Counting tigers by studying droppings
After years of searching for a foolproof method of counting tigers, officials in the Sundarbans have decided to analyse the animals’ droppings — or scat — to estimate the big cat’s population in the delta, Joydeep Thakur reprots.kolkata Updated: Nov 10, 2009 00:44 IST
After years of searching for a foolproof method of counting tigers, officials in the Sundarbans have decided to analyse the animals’ droppings — or scat — to estimate the big cat’s population in the delta.
Traditional methods like pugmark collection and ‘camera trap’ techniques have not yielded satisfactory results because of the muddy terrain and thick mangrove growth.
“Estimating tiger population through DNA analysis of scat is nearly flawless,” said P K Vyas, director, Sundarban Biosphere Reserve. “Scat, two to three days fresh, contains cells of the animal that can help differentiate it from other animals with 99 per cent accuracy.” This method will be used in the next tiger census, likely in February.
In addition, camera trap techniques will be applied.
A government report on tiger census, published this year, puts the population at under 1,500, down from more than 3,600 in 2002. There was good news recently, though. More than 15 new tiger cubs were sighted at Dudhwa reserve, Uttar Pradesh.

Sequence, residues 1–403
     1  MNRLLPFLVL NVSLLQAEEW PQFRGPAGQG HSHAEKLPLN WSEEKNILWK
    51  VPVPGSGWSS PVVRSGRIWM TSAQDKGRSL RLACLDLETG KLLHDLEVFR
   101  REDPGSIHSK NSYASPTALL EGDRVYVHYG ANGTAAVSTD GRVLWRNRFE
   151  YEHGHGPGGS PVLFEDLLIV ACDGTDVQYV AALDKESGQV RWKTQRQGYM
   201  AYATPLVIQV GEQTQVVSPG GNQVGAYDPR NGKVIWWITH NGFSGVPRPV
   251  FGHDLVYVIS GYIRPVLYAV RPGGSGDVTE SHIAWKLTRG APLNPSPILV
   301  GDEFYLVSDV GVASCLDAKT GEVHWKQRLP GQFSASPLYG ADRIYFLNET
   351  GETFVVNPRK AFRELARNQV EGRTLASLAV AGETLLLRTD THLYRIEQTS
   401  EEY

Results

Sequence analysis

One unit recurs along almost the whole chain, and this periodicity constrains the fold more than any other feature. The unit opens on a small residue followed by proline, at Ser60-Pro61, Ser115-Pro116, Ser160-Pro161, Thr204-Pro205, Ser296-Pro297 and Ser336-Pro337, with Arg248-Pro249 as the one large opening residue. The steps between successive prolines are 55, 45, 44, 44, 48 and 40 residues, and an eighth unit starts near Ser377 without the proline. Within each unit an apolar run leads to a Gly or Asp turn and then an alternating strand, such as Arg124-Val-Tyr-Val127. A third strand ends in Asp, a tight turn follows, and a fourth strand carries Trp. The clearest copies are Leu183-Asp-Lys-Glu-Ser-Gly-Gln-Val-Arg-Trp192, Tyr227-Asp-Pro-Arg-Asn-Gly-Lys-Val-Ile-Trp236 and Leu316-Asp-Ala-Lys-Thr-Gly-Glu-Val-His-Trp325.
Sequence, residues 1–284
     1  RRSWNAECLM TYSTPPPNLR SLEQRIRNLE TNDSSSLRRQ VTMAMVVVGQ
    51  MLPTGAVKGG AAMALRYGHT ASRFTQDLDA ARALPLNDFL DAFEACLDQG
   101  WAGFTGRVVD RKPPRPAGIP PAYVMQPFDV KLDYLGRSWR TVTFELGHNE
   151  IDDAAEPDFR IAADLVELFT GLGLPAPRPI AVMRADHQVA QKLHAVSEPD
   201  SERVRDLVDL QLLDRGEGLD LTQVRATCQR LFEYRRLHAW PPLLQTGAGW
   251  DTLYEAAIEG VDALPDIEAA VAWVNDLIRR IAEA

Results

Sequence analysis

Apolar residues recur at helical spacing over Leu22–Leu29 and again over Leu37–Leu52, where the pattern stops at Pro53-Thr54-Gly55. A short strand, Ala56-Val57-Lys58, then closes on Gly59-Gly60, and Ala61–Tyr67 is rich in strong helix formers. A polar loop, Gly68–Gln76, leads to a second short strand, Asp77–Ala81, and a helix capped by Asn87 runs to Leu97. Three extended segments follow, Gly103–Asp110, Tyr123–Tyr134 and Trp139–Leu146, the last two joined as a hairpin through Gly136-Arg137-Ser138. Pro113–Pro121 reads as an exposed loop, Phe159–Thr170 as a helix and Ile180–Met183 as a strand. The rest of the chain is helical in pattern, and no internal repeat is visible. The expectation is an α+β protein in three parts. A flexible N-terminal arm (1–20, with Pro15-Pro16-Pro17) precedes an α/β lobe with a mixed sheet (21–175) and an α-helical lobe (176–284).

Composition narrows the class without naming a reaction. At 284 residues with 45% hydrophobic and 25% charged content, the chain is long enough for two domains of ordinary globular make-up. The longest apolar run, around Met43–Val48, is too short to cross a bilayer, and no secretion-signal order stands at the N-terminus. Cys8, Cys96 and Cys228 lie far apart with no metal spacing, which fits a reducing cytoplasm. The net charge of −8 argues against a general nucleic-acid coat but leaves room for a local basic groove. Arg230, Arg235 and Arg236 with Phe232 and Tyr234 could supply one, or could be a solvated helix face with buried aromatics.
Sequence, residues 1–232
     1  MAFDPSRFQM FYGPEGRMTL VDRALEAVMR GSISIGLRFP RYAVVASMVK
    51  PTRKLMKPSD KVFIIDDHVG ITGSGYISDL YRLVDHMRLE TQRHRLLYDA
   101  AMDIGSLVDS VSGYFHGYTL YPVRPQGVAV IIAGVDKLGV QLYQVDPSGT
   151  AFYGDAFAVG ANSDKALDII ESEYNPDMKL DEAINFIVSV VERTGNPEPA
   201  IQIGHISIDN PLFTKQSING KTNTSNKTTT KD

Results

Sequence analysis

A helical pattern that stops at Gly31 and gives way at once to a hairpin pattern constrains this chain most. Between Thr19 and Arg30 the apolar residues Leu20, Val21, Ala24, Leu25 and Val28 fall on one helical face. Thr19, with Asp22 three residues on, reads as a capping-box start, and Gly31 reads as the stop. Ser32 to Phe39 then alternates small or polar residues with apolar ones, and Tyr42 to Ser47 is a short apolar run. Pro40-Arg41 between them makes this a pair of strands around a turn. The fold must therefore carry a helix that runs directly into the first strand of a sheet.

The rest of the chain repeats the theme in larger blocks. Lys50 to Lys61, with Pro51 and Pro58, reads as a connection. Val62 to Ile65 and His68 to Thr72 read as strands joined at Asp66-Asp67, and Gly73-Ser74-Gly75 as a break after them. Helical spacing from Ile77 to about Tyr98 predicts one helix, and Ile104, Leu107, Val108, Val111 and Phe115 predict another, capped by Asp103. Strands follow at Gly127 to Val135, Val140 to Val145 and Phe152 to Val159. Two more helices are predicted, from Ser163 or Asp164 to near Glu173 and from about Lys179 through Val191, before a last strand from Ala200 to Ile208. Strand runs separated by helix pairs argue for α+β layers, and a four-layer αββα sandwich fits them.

The Sundarbans delta is spread over 4,200 sq km. Tigers are estimated to inhabit a 3,500-sq-km area. Scanning the forest for scat will be a challenge. At some places, visibility is restricted to barely a metre due to the thick vegetation.
“The DNA method is also expensive. And it entails great risk for census workers,” Vyas said. “We need to provide them with protective gear to avoid getting mauled by animals.”
Furthermore, the method may not give an exact count. Some droppings would be washed away, some may be in inaccessible areas, Vyas said. “But if repeated over the years, it’ll take us closer to the exact number.”
Inputs from Sukumar Debnath